By L&T Columnist Gary Damron
When a person comes to faith, often there’s a feeling that he’ll be giving up something – bad habits, bad associations or practices. Those around the Lord were asked to relinquish things they loved, and which were good for them, in order to receive something far better.
The symbolism and imagery in the first chapter of John, rich with meaning, set the stage for Jesus’ ministry on earth. Many people had followed John the Baptist as he preached. He told them outright that he was not the Messiah, the one they were seeking, but was preparing the way for him. John the Baptist and Jesus were cousins, born a few months apart, yet John said, “I did not know him” (John 1:33). Until the Spirit settled on Jesus, John didn’t recognize him as the One he’d been preaching about.
At least two followers of John the Baptist became Jesus’ first disciples. They’d traveled with John but left without hesitation when he pointed out, “Behold the Lamb of God!” (John 1:36). They wanted to be where Jesus was, and John willingly turned them over. Any pastor should be willing to have his people follow Jesus rather than himself.
The term Lamb of God held meaning to those with Jewish heritage who’d heard since childhood of the Paschal Lamb, the sacrifice which brought deliverance to their people. Centuries before as Moses prepared to lead the Israelites out of Egyptian captivity, he instructed them to kill a lamb without blemish, and spread its blood on their doorposts that the tenth plague might spare their households.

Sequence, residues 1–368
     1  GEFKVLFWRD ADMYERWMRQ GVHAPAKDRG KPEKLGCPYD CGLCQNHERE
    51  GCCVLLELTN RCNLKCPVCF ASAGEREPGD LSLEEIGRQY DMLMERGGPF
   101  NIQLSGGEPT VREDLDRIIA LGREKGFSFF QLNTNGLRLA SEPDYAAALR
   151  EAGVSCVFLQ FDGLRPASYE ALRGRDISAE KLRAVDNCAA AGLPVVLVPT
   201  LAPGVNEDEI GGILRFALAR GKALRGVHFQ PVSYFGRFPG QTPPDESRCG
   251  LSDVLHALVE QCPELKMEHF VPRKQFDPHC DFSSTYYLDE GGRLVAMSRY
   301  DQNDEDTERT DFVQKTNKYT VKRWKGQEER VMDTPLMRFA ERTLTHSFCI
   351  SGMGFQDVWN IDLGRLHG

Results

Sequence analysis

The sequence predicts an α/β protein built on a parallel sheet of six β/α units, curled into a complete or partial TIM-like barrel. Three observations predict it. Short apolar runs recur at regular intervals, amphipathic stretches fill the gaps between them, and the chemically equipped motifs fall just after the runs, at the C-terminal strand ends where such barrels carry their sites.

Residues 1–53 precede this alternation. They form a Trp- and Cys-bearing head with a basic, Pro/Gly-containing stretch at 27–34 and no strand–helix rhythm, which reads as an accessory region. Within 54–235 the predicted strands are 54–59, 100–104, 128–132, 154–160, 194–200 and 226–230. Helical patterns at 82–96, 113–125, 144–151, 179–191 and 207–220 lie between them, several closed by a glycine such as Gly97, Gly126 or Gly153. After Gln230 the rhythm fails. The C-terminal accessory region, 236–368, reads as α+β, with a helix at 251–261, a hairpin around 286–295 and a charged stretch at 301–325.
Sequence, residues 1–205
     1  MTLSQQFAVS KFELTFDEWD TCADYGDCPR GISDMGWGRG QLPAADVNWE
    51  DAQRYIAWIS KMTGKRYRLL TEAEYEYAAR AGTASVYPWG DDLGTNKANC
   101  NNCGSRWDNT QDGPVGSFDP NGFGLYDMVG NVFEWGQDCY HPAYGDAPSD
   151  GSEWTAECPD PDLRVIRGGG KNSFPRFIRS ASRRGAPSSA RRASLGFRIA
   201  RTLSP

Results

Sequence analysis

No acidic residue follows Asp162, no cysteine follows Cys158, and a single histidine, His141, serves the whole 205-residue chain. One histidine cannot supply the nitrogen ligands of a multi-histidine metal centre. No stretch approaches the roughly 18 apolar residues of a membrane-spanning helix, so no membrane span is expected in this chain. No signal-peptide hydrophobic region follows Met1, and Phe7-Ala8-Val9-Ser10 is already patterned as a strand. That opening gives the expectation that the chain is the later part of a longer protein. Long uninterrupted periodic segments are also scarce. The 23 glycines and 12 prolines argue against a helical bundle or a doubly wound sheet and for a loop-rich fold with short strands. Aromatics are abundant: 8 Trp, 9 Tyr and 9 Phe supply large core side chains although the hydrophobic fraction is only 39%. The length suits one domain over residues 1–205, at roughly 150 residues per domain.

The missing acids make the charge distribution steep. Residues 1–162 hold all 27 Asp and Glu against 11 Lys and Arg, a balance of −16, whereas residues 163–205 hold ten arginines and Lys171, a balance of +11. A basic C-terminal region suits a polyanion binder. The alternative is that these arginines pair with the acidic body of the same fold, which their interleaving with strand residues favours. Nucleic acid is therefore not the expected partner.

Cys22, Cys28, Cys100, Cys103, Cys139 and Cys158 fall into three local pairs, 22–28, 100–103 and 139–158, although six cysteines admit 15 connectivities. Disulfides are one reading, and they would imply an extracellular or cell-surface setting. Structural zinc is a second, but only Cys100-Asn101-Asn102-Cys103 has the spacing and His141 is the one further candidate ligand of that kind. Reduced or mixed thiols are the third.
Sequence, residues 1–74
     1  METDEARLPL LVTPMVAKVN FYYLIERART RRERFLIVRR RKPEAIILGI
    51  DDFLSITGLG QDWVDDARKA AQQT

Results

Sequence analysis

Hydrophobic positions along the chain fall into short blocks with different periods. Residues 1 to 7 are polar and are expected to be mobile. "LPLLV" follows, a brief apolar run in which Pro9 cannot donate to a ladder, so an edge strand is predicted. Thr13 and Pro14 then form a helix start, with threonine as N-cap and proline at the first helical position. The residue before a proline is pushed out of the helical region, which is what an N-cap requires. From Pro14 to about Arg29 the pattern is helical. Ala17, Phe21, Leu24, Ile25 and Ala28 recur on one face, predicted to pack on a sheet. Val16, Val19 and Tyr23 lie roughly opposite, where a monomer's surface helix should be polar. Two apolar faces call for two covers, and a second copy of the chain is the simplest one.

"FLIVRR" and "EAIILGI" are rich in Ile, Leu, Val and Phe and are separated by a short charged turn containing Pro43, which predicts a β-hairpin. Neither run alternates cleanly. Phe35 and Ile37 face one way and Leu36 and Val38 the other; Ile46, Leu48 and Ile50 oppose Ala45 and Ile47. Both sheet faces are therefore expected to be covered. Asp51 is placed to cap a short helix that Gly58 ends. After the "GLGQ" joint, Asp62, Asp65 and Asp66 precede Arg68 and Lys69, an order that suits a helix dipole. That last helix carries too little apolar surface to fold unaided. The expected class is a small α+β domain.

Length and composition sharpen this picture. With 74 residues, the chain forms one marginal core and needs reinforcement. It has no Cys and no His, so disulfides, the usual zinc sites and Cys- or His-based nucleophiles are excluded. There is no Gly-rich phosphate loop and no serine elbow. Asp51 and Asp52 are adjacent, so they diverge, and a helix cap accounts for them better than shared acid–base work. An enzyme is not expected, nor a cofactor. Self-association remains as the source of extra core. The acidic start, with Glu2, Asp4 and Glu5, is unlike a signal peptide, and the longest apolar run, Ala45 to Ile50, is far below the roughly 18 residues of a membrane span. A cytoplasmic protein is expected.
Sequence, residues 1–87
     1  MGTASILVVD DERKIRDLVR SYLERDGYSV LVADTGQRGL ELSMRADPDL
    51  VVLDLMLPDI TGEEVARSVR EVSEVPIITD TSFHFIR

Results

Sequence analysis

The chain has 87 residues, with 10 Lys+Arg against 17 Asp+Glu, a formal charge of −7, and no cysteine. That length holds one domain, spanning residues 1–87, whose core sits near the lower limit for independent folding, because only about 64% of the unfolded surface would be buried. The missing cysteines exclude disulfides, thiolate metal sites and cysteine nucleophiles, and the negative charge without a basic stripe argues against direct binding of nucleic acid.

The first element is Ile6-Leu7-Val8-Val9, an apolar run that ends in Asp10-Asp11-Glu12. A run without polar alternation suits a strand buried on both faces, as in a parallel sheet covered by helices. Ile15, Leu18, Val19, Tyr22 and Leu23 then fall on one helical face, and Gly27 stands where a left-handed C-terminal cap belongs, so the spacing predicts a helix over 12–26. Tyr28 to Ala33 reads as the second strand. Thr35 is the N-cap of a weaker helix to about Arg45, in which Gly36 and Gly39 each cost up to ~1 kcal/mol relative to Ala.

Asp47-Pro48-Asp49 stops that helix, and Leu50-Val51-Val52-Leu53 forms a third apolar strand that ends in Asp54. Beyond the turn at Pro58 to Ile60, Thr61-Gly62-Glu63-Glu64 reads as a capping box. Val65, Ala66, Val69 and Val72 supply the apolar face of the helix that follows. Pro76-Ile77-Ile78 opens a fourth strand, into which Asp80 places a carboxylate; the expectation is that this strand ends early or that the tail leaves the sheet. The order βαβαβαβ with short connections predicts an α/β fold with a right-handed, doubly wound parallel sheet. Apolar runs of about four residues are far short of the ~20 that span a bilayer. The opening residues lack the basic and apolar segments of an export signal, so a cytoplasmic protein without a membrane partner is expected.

They may have also remembered Abraham’s faith, even earlier in their history, as he prepared to sacrifice his only son Isaac. “Then Abraham lifted his eyes and looked, and there behind him was a ram caught in a thicket by its horns. So Abraham went and took the ram, and offered it up for a burnt offering instead of his son” (Genesis 22:13).
It’s interesting that in the second part of the phrase, “…who takes away the sin of the world!” (John 1:29) used the singular tense. We need not only to have our sins forgiven, but to have the sin, the nature that causes us to do the things we hate, taken away. Only a pure, sinless sacrifice would be sufficient for that. The baptism that John had practiced was a symbol, a rite of purification, but did not bring purification. The Spirit baptism of Jesus would be not a dunking or a sprinkling, but saturation like water in a sponge, filling the one baptized with His peace and purity.
The coming of the Holy Spirit was foretold in John chapters 1, 14, 15 and16, and begins to come to pass when the disciples find the empty tomb in chapter 20. The imminent promise is found in Acts 1:5: “’For John truly baptized with water, but you shall be baptized with the Holy Spirit not many days from now.’”
In order for the disciples to receive the saturation and power they needed, the One they loved had to go away so that the Spirit of God could be with them – and us – always.
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